“Death Bed: The Bed That Eats” [1977]

Death Bed: The Bed That Eats - PosterAs most of you will agree, the 1970s were a great time for weird cinema, but there’s at least one movie that was simply too bizarre to get distribution. Naturally, the idea of “the movie too weird for the 70s” is like catnip to cult cinema fans, due in no small part to the fact that titles like “Zardoz” and “Day of the Dolphin” (tagline: “Unwittingly, he trained a dolphin to kill the president of the United States”) DID get distribution.

None of these movies can hold a candle to “Death Bed: The Bed that Eats,” though. The only film by writer/director/producer George Barry, “Death Bed” was made on a micro-budget around 1977 and unsuccessfully shopped around. That could have been the end of the story, but pirate prints turned up in Europe in the early 80s and screened in sticky-floor cinemas without the knowledge of the director. The spark of the cult had begun, and by the early 2000s, George Barry stumbled into a comment thread about his movie on the Scarlet Street horror forums. Unbeknownst to him, his never-released movie had developed a following, and Barry was able to secure a limited DVD release for his movie twenty-six years after it was made.

“Death Bed” suffers from what we’ll call Unique Narrative Challenges. Most of the story is told using a voice-over from a character who is trapped inside of a painting*–not exactly the most engaging way to move a story along. It’s also crammed full of jarring tonal shifts that make you unsure of whether you’re watching a black comedy or a sincere work of psychedelia. The backstory of the killer bed’s creation in the wake of a failed demonic seduction is really quite lyrical, but then you remember you’re watching a movie about a piece of furniture that eats people.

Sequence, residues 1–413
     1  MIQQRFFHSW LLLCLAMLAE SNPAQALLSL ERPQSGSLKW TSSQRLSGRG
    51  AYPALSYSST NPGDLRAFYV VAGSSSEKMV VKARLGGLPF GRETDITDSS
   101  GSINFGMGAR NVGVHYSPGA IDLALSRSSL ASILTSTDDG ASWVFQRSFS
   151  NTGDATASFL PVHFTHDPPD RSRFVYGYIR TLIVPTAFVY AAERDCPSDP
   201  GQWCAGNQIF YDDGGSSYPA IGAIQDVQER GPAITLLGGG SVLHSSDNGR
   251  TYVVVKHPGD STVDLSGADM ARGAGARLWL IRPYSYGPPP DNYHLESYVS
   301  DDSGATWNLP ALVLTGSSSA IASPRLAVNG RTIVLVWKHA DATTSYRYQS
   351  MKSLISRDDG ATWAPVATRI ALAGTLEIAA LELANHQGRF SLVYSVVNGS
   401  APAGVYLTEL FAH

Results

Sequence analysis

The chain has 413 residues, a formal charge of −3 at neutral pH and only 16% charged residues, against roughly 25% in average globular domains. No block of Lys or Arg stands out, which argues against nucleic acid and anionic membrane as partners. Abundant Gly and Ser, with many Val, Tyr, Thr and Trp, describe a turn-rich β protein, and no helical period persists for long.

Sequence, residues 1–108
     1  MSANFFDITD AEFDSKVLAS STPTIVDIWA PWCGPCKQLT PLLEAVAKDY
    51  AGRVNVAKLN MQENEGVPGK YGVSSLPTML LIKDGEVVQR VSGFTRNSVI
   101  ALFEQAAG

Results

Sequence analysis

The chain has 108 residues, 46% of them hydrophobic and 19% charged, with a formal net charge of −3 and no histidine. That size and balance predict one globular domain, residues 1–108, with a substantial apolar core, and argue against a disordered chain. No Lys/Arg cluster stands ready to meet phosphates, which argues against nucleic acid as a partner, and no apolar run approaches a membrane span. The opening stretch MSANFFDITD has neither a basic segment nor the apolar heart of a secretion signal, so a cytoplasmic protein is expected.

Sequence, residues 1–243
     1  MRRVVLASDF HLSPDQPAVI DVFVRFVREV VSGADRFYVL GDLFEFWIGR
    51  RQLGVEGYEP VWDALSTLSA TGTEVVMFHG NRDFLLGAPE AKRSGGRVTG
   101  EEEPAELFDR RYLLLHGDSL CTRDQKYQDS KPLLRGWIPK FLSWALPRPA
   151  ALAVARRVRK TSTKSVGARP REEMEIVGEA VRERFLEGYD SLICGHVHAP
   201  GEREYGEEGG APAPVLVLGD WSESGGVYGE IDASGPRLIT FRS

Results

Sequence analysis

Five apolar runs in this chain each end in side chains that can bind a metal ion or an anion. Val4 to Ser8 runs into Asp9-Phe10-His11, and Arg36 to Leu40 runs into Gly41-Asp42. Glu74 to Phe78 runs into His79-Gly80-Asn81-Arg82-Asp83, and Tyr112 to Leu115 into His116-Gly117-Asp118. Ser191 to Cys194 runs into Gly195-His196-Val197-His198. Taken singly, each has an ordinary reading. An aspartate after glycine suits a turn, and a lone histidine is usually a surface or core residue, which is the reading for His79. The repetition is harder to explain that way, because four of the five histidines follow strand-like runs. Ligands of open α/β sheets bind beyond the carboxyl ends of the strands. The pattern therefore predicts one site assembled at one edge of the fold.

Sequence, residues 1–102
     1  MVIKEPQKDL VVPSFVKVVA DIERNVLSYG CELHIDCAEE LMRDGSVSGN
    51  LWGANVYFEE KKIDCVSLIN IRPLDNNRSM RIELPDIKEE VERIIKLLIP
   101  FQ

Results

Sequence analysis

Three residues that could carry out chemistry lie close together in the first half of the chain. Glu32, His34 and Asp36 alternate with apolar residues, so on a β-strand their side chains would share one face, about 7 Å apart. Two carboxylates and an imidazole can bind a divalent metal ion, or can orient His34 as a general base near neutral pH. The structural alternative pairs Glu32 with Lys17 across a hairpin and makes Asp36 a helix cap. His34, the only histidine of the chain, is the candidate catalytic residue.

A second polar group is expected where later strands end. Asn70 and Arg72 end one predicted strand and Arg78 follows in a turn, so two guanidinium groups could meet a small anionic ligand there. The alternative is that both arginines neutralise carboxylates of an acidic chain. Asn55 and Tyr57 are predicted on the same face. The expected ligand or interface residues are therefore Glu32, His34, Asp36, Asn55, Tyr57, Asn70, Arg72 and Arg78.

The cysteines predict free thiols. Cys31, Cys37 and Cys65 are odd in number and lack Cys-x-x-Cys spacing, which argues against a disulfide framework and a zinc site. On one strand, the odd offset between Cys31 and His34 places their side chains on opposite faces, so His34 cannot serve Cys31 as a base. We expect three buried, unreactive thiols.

*It’s pretty clear that this character is meant to be decadent-era illustrator Aubrey Beardsley, whose work had a new surge of popularity in the late 60s/early 70s. “Death Bed” is even cooler if you assume that it’s an attempt at a highly-symbolic Aubrey Beardsley biopic.

Possibly the single greatest challenge faced by the movie is that it’s the only body count flick** that features not one but TWO inanimate objects as main characters: the bed and the narrator-painting. The best way to get the flavor of the movie “too weird for the 70s” is to watch a clip–so let’s do that!

**That I know of, anyway. Scholars: feel free to weigh in on this assertion!

4-minute “Death Bed – The Bed That Eats” from Tenebrous Kate on Vimeo.

[Adapted from material originally presented in October 2013 at Kevin Geeks Out: All About Evil]

2 thoughts on ““Death Bed: The Bed That Eats” [1977]”

  1. We just saw this a couple of weeks ago – I need to find time to write it up – and I thought it was just about the greatest movie ever made. We were in absolute hysterics during the incredibly prolonged scene where one victim almost escapes.

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